Gartner reckons the inventory debacle at Acer may have permanently cost the vendor its position near the summit of the PC market.
According to Q3 worldwide numbers from Gartner, Acer sales into the channel declined 23.2 per cent in a market that grew 3.2 per cent.
As a result, the Taiwanese giant remained in fourth spot behind Dell – which was shoved into third place by Lenovo after sales fell 1.4 per cent – with market share falling to 10.6 per cent from 14.2 per cent a year ago.
"Acer shipments declined 30 per cent in the first three quarters of 2011," said Gartner research director Ranjit Atwal. "How can a company survive when that level of volume disappears? It has got to look at rationalisation."
This is a far cry from the firm that was giving HP a run for its money and pushing to become the biggest shifter of PC boxes.
Acer used to pay well to get the channel to carry its stock, and though this often made some disties feel nervous about the cash tied up in warehouses, customers' appetite for low-cost notebooks meant inventory turned frequently and the model worked.
A year ago the consumer market began to splutter, but Acer's supply chain was not flexible enough to accommodate the slowdown and containers filled with notebooks, which kept on coming by boat, adding to the inventory mountain.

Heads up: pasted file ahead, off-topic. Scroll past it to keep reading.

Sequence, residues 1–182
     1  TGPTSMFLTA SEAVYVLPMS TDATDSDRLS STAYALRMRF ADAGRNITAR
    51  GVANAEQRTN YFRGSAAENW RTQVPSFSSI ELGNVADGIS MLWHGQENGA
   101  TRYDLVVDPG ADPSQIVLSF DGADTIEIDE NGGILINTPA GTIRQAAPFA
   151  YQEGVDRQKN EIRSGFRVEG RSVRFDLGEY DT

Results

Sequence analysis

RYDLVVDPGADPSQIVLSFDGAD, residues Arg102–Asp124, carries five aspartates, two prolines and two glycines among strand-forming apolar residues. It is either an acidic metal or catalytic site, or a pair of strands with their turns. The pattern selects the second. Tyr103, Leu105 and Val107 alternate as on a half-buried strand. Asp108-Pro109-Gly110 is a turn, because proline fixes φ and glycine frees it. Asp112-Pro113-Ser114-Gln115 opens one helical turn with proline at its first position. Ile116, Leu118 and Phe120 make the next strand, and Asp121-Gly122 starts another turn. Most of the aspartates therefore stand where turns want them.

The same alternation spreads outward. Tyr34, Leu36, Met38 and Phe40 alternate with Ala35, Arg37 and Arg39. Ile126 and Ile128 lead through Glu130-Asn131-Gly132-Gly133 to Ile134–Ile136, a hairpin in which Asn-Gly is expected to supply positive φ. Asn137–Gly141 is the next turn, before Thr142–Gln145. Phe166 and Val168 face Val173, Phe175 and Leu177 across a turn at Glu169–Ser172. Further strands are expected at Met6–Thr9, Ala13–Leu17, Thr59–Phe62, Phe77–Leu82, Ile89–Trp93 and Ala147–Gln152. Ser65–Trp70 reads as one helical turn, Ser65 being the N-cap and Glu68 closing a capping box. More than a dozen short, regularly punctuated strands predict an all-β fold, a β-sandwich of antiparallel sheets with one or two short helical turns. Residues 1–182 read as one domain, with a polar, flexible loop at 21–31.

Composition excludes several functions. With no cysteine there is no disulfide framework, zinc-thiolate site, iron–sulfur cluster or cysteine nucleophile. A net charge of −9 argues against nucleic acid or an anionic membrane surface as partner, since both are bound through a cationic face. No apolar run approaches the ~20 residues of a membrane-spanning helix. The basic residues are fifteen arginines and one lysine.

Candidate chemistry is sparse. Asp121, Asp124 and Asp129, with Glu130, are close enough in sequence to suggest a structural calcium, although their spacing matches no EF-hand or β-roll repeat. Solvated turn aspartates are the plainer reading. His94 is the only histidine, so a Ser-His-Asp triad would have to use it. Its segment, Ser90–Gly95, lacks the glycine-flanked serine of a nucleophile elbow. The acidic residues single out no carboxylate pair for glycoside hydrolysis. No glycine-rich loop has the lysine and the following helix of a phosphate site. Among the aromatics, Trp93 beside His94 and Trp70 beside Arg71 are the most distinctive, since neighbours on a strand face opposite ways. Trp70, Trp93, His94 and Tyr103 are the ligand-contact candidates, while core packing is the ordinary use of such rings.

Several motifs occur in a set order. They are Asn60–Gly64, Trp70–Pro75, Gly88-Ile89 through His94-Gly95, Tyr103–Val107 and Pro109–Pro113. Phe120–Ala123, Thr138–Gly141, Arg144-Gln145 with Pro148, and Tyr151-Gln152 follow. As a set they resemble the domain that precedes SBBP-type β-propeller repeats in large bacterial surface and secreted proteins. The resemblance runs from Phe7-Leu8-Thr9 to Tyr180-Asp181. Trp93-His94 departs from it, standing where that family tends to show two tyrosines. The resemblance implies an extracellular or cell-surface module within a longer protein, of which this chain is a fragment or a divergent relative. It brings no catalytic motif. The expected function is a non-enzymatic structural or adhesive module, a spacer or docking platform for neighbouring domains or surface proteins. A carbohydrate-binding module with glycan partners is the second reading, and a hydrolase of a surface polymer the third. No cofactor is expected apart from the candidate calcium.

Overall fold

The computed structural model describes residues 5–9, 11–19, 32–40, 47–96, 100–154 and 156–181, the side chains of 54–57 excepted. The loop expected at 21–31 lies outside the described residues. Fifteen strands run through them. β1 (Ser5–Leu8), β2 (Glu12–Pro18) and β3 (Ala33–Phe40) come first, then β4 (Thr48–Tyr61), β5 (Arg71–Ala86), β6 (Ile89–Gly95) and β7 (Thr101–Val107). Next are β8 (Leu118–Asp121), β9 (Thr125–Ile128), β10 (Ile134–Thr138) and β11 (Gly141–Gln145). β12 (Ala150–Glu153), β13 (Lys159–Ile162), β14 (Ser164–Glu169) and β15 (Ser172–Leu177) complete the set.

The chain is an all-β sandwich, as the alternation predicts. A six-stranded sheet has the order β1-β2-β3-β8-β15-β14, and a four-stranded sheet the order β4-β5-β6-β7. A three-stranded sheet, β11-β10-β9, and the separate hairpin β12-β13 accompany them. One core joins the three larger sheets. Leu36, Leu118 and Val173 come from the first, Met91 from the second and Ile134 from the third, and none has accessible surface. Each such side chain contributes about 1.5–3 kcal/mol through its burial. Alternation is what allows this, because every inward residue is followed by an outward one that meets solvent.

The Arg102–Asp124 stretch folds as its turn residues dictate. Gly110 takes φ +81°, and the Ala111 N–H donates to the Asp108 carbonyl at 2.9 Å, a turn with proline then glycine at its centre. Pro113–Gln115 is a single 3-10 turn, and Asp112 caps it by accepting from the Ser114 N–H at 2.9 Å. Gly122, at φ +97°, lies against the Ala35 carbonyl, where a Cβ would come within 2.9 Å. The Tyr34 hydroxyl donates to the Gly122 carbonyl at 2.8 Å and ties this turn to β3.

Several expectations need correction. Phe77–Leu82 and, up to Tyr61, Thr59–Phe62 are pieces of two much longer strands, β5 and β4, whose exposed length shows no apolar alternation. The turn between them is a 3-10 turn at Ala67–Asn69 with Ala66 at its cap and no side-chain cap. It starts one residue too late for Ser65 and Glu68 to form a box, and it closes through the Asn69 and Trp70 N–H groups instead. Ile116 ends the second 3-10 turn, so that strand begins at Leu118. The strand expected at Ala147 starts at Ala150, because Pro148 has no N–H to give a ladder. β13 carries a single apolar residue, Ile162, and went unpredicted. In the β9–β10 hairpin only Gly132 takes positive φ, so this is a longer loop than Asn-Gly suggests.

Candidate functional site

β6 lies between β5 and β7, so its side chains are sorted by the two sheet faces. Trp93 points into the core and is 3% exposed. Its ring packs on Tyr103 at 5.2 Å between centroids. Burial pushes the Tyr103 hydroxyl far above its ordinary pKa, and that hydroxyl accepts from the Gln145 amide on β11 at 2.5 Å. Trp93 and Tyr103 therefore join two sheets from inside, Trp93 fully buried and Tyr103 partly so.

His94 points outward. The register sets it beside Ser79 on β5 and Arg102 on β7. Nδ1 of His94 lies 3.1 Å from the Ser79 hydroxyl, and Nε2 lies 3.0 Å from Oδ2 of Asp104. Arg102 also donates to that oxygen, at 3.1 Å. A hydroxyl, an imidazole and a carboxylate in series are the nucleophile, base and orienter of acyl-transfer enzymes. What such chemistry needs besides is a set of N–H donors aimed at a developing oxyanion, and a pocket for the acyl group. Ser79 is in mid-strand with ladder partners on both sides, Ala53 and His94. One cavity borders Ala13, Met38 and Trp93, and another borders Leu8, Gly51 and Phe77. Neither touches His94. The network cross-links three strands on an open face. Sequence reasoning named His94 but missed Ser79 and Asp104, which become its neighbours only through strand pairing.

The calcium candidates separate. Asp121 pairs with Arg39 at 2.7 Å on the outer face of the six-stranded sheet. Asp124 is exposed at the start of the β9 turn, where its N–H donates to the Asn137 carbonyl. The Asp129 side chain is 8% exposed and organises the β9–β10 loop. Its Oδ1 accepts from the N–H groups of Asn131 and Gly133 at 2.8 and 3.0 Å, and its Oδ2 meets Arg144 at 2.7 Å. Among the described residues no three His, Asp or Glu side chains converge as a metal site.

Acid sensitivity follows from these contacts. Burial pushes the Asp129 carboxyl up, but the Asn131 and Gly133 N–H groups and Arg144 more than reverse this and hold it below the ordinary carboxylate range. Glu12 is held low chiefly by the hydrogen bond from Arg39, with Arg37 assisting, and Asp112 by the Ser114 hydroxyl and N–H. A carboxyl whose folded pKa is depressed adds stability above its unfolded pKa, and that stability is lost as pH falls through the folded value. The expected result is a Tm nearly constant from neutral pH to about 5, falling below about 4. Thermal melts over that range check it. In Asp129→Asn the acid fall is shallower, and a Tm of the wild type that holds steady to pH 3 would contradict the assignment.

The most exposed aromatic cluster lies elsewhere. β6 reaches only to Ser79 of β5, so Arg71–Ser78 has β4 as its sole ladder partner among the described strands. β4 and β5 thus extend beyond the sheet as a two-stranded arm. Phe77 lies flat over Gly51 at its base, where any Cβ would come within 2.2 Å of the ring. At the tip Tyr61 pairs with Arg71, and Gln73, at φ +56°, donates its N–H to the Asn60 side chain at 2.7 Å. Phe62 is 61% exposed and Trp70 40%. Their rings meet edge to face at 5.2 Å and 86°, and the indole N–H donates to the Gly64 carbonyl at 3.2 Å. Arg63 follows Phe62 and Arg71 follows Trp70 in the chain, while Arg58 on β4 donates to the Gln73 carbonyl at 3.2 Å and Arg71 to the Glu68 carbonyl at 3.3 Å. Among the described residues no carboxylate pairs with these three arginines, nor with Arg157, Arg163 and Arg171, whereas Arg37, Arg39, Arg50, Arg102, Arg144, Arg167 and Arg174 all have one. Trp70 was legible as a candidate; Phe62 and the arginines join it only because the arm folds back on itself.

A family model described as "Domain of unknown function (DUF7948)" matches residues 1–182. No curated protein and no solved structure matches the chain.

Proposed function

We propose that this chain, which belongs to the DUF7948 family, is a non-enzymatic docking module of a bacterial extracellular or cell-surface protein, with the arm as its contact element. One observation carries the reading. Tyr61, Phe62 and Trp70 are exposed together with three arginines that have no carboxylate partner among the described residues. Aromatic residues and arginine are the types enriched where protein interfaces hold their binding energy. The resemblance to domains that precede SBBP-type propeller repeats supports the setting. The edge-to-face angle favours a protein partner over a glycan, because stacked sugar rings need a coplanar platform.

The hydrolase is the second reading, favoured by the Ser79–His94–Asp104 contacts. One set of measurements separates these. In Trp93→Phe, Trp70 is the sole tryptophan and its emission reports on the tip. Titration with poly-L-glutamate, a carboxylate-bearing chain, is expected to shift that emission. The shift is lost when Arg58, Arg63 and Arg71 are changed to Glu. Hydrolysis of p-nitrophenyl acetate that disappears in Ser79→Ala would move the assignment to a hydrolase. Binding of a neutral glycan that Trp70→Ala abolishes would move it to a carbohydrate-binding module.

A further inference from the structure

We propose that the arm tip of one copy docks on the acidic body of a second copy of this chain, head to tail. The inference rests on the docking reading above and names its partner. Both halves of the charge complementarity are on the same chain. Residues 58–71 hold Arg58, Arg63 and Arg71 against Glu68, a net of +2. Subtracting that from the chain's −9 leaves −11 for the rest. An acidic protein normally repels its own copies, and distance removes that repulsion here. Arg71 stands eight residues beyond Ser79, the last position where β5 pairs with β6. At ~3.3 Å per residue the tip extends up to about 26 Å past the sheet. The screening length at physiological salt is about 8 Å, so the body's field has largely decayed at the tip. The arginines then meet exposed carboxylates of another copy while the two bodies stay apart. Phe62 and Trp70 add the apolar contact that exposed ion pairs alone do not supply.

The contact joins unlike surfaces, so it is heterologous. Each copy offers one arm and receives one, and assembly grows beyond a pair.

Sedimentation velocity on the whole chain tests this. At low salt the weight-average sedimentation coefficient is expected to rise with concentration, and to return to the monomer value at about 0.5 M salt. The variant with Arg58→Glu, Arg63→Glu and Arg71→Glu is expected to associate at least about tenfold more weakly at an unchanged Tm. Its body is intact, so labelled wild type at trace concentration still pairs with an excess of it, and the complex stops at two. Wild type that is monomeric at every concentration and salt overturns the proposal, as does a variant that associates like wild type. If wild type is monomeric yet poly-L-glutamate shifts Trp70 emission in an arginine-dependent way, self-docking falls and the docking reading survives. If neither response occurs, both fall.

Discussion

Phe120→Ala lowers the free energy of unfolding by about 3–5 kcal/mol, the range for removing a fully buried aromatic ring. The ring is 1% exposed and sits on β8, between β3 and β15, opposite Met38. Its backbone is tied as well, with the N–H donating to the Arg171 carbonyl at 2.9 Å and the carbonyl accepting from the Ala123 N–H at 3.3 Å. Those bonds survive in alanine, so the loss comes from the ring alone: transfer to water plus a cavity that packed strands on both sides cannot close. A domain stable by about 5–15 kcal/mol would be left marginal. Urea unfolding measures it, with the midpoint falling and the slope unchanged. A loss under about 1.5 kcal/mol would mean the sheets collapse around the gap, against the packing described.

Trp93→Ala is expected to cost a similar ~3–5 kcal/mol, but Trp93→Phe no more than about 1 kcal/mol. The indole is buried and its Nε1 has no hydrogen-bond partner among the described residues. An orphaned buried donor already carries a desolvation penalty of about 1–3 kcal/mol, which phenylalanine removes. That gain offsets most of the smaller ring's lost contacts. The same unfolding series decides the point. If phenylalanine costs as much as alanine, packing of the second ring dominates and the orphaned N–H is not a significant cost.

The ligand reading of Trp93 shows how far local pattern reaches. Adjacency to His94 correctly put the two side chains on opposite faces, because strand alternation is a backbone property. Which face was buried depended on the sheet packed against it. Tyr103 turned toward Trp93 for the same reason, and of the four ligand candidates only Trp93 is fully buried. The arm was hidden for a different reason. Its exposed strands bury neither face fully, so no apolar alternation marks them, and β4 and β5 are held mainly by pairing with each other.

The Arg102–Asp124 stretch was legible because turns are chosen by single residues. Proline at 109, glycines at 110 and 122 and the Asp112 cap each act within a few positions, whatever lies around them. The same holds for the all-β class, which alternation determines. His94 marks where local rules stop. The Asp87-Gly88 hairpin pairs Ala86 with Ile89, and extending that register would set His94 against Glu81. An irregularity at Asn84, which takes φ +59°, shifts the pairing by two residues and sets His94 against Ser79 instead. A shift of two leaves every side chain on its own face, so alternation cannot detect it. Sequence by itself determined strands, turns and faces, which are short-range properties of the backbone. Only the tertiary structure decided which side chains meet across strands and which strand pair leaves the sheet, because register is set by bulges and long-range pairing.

This came to a head in March when CEO Gianfranco Lanci left due to a dispute with management over future direction. Then in June, Acer revealed it had found stocking anomalies and wrote down $150m of inventory.
"Acer could continue to decline and could even disappear, that is not unfeasible as it has lost credibility in the channel and resellers/retailers have viable alternatives in the market," Atwal told The Reg.
"Now that Acer can't dominate the channel and cannot price products lower than rivals, it has lost the competitive edge."
This is a sad turn of events for probably the only vendor on the planet that exclusively uses the channel to reach customers, be they consumer or SMEs.
In Q3, HP remained the largest PC supplier in the world and in spite of the uncertainty surrounding its Personal Systems Group, grew sales 5.3 per cent. It was followed by Lenovo, which outpaced the market to grow 25.2 per cent. ®